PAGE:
U.S. Secretary of Energy
At a recent Climate One gathering, U.S. Secretary of Energy Ernest Moniz outlined three major objectives for addressing the country’s energy challenges. “One is to support economic growth, good jobs, et cetera. Secondly is to reinforce our security. And third and perhaps, in my view, of greatest interest right now, is addressing the climate challenge.
So the issue is, how do we do all those three together?”
Moniz started things off on a positive note: the nation’s energy renaissance has meant good news for the economy. “There's no question that what's happening in energy has led to economic growth and jobs,” says Moniz. “Recently Fortune Magazine put out a list of 100 fastest-growing companies; 26 of those had their growth pegged to what's happening in energy.
“So we are seeing the economic benefits. We are seeing CO2 reductions on the ground. Now the question is sustaining it and, in fact, accelerating the transformation to low carbon that we need to meet our climate challenges.”
One step towards that transformation, says Moniz, is driving down the costs of green technology. And it’s up to the U.S. to show leadership in this area. While federal subsidies have helped the process along, the government is also finding other ways to encourage growth. “For example,” Moniz reports, “we have dramatically increased the pace of issuing energy efficiency standards for appliances, electric motors, you name it. It brings higher efficiency, lower emissions…we have issued $30 billion worth of loans and loan guarantees…And this is a way of jumpstarting areas.”
Moniz also name-checked the ARPA-Energy program, which provides mentorship and funds to help bring innovative technologies to market, as another way the government is feeding the startup pipeline. “So that's the model we like. We come in, we help get this thing pushed off, and then the private sector comes in to continue the deployment.”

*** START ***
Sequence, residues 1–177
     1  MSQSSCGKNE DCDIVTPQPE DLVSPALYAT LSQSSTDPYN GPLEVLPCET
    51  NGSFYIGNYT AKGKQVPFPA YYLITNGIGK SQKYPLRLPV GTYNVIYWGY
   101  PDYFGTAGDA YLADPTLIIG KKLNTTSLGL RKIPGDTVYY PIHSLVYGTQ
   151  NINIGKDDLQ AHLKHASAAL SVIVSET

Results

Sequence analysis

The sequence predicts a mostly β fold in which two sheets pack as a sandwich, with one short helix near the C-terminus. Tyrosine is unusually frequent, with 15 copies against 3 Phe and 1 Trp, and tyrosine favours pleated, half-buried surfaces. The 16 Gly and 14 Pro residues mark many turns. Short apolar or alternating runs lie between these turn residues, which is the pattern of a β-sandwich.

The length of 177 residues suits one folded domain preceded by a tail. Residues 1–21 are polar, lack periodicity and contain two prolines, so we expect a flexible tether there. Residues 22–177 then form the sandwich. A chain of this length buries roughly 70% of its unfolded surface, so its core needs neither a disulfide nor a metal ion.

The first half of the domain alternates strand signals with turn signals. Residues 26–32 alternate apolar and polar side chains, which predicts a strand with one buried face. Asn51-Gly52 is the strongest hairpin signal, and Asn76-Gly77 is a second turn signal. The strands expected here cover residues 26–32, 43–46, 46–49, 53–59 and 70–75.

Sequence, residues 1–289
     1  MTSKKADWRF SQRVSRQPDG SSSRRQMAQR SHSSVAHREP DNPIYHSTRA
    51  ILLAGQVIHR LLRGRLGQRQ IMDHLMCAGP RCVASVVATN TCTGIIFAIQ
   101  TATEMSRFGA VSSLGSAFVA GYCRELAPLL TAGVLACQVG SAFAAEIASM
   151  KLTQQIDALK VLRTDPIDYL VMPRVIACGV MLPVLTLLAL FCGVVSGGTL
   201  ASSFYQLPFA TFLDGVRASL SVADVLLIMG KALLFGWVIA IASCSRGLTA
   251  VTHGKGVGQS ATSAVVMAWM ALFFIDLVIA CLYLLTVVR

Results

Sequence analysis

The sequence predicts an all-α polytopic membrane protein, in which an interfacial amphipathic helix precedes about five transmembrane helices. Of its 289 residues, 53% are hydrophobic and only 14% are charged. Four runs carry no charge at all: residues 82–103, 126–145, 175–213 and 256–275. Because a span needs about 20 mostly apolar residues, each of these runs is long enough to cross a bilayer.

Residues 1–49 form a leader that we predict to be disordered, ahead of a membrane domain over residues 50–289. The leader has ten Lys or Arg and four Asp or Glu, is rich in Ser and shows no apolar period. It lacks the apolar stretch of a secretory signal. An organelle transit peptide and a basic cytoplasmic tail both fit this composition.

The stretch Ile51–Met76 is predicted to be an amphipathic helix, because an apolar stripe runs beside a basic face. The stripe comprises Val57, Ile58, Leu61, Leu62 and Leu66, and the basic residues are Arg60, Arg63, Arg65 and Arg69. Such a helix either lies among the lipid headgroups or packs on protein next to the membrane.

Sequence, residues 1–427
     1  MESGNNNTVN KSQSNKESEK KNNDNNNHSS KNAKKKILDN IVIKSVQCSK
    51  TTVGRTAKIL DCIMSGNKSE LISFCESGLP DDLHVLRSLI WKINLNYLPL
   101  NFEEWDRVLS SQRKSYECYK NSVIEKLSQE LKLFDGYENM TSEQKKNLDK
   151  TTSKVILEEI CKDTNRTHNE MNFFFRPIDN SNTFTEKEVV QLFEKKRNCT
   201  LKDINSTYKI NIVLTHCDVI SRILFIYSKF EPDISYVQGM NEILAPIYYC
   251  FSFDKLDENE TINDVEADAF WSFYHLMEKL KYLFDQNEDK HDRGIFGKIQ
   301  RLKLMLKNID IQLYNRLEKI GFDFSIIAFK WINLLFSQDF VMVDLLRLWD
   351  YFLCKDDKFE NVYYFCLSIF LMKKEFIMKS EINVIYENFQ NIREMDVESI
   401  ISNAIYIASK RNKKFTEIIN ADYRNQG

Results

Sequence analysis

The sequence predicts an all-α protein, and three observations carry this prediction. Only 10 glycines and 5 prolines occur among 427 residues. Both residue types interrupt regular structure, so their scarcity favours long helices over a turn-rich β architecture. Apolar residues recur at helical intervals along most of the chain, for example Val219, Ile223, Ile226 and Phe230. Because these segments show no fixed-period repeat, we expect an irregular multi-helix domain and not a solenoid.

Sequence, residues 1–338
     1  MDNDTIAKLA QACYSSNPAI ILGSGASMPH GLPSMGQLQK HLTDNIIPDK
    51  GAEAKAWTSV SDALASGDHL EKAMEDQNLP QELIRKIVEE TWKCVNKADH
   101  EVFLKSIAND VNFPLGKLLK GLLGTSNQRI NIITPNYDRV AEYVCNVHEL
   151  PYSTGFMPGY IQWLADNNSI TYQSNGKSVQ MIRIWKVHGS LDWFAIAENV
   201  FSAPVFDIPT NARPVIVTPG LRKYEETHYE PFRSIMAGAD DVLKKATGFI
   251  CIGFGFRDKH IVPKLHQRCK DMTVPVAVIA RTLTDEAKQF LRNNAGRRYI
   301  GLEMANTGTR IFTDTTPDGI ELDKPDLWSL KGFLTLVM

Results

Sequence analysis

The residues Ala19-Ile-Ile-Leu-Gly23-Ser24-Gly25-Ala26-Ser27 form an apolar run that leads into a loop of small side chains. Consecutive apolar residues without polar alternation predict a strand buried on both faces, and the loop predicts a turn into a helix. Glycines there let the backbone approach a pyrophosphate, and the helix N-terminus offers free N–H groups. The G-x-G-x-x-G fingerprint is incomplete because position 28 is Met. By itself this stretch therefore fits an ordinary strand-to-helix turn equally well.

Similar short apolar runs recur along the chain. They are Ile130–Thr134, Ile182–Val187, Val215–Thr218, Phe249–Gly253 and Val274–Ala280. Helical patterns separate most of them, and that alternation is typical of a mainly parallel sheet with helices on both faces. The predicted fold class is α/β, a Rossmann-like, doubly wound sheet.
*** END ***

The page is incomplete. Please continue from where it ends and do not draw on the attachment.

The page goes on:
Energy security was next on the agenda. As host Greg Dalton pointed out, the U.S. has significantly increased its own crude oil production, reducing the need for imported oil. The balance is changing, Moniz agreed. But while we’ve substantially reduced our dependence on foreign oil, “we still import 7.5 million barrels of crude oil per day. We are an enormous importer still because of our enormous use...what the oil production increase has done for sure is dramatically lower our imbalance of payments. So it's a lot more capital and a lot more resource that stays in our economy to go to other purposes.”
But while a boom in oil production may bring economic benefits, Moniz stressed that a lower carbon future is still very much the ultimate goal. “We are aggressively pursuing more efficient vehicles, alternative fuels, like next generation biofuels and electrification of vehicles, like getting those costs down on batteries. So we are working very hard on reducing our oil dependence.
“The president's position is clear and so is mine,” Moniz declares. “We pursue an all-of-the-above approach. We put resources into every fuel, fossil, nuclear, renewables, efficiency that will lower emissions.
“There will be multiple low carbon solutions. They will look different in different countries. They will look different in different parts of our country. The important thing is to get to a low carbon solution. And in that sense we think across the board there's going to be a role for just about everything if it reduces carbon emissions.”
In conclusion, Moniz quotes former Saudi oil minister Sheik Ahmed Zaki Yamani: “The Stone Age didn't end for lack of stones and the oil age won't end for lack of oil.” Rather, he says, putting our resources into renewable energy solutions will hasten the demise of oil dependence.
“We need to keep working, driving down the costs, such that the low carbon alternatives are going to be the best choice,” says Moniz. “They're good for security. You don't have to worry about importing the sun or the wind or the earth's heat. And I think in the end, the technology and associated business model innovations are going to have to carry the day.”